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Alumni and Friends Making an Impact

Experience Abroad Reveals Vocation

Ajà McMichel knew she belonged at UD since she first stepped foot on campus, but it was her UD trip to Ghana that truly guided her to find her passion. 

“UD just felt like home,” she shared. “It had all the resources that I was looking for. Obviously, my education is most important, but I wanted to be a well-rounded person once I graduated, so I was really looking into student life and what that was like outside of academics.”

McMichel, now a senior, has taken full advantage of the range of student clubs and organizations UD has to offer. This year, she is serving as the president of both Black Action Through Unity and Women of Remarkable Distinction. In addition to her leadership positions, she works as a student research assistant through the Learning Teaching Center and is heavily involved with the Multi-Ethnic Education and Engagement Center.

She credits her ability to stay so engaged on campus to donor-funded scholarships, including the Deborah F. Tobias Scholarship and the Jan and Tom Montiegel Endowed Scholarship.

“I have had a lot of educational and career opportunities that are going to help me succeed. I wouldn’t have had those if I was not given the opportunity to attend UD,” she said.

In addition to her extracurriculars, the psychology major is truly passionate about her studies and, thanks to scholarships, was afforded a once in a lifetime opportunity to study abroad in Africa over the summer.

While taking an anthropology of human rights course, McMichel learned about summer fellowship opportunities hosted by UD’s Human Rights Center. With support from the Daniel J. Curran and Claire M. Renzetti Scholarship Fund for International Studies, she went to Ghana for a two-month fellowship opportunity with the Initiative for Gender Equality and Development in Africa.

While in Ghana, McMichel had the opportunity to research women’s rights to property in the case of divorce, separation or annulment. Using two human rights instruments to analyze four different nearby countries, she made suggestions for how to handle cases based on the nature and environment of the area.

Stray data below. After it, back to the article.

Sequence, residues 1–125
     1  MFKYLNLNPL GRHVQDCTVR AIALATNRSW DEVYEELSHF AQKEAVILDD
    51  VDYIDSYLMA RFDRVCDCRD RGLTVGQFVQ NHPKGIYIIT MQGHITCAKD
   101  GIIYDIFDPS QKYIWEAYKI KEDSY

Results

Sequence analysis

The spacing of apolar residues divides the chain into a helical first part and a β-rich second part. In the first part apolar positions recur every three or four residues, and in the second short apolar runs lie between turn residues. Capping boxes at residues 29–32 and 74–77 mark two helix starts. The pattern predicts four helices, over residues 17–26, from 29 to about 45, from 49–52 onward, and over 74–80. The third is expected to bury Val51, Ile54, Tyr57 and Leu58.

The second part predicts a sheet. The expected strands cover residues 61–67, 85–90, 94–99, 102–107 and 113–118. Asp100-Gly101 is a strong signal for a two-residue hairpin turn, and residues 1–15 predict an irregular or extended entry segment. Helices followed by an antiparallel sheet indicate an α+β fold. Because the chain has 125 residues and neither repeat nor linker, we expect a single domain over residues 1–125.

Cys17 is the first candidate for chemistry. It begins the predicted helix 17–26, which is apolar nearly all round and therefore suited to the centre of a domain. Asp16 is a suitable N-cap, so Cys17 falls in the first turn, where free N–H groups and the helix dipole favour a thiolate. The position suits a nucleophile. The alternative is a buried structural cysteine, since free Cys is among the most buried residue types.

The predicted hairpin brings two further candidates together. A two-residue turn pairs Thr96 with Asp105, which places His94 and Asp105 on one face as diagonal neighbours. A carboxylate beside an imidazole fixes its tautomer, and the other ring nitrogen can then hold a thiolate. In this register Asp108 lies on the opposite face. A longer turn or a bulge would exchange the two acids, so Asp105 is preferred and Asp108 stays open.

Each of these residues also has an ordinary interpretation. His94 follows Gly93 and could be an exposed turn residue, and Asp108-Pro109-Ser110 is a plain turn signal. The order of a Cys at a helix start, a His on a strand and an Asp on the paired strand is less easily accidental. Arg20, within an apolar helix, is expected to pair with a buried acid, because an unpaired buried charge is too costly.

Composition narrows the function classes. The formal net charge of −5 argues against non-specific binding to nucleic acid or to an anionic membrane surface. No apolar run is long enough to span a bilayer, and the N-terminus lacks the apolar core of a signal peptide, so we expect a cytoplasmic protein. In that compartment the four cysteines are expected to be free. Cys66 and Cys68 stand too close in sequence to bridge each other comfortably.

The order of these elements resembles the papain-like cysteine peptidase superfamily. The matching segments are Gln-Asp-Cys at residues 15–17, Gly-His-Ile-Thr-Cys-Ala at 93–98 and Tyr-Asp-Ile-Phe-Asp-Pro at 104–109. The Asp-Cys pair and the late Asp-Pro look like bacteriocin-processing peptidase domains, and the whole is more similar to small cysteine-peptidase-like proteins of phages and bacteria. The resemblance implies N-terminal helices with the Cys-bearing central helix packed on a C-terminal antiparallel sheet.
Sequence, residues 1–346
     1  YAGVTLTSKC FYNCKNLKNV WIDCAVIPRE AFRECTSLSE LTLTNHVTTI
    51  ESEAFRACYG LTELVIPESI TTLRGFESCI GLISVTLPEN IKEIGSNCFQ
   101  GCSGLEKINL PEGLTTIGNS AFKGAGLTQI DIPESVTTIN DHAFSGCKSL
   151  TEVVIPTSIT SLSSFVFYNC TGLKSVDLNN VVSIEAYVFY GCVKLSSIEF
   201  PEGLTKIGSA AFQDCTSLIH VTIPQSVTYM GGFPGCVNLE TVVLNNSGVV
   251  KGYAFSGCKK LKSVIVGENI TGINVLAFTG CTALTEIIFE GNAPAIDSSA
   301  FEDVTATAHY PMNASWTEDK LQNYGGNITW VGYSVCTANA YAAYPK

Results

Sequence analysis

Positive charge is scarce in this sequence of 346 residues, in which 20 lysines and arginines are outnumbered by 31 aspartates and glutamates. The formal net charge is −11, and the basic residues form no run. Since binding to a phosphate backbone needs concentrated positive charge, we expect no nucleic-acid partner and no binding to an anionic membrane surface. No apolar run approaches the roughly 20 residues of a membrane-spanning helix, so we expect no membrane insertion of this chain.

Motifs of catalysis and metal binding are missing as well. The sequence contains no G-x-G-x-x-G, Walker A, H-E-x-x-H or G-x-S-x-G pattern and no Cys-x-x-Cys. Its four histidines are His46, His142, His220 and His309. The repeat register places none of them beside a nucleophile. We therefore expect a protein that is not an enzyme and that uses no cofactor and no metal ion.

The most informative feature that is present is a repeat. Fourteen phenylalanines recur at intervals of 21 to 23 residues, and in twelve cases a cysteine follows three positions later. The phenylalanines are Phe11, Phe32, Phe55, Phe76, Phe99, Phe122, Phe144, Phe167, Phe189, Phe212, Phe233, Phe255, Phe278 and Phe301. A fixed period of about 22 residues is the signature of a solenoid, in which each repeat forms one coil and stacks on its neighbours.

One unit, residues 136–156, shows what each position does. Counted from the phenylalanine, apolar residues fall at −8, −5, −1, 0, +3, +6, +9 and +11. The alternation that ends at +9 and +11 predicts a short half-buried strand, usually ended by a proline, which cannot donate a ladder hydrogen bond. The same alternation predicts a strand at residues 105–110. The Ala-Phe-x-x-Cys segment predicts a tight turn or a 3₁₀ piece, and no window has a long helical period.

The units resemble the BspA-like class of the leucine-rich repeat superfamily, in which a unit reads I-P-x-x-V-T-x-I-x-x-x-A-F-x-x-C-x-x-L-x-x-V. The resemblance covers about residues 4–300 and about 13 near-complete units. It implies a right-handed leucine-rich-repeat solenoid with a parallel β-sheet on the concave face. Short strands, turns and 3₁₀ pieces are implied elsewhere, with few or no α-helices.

“[The fellowship] has given me a whole new outlook on life and how much is actually possible in the world.” 

“[The fellowship] has given me a whole new outlook on life and how much is actually possible in the world,” she reflected. “Even looking at post-graduation, I’ve discovered how truly passionate I am about women’s rights and thinking about how I can intertwine that into my discipline.”

Following graduation, McMichel is looking into master’s programs for anthropology abroad, specifically programs that focus on issues impacting women of color. Her ultimate goal is to work in the nonprofit sector, with the dream of owning her own nonprofit organization that provides services for communities of color and mentorship for young women.

She credits finding her true passions and vocation to her experiences at UD — experiences that wouldn’t be made possible without those initial scholarships.

“I don't feel like I would be here, let alone be able to travel abroad without scholarships. The opportunity to be a Flyer and to apply my education in the real world has had a big impact on my career plans. Honestly, I’m extremely grateful to be here.”

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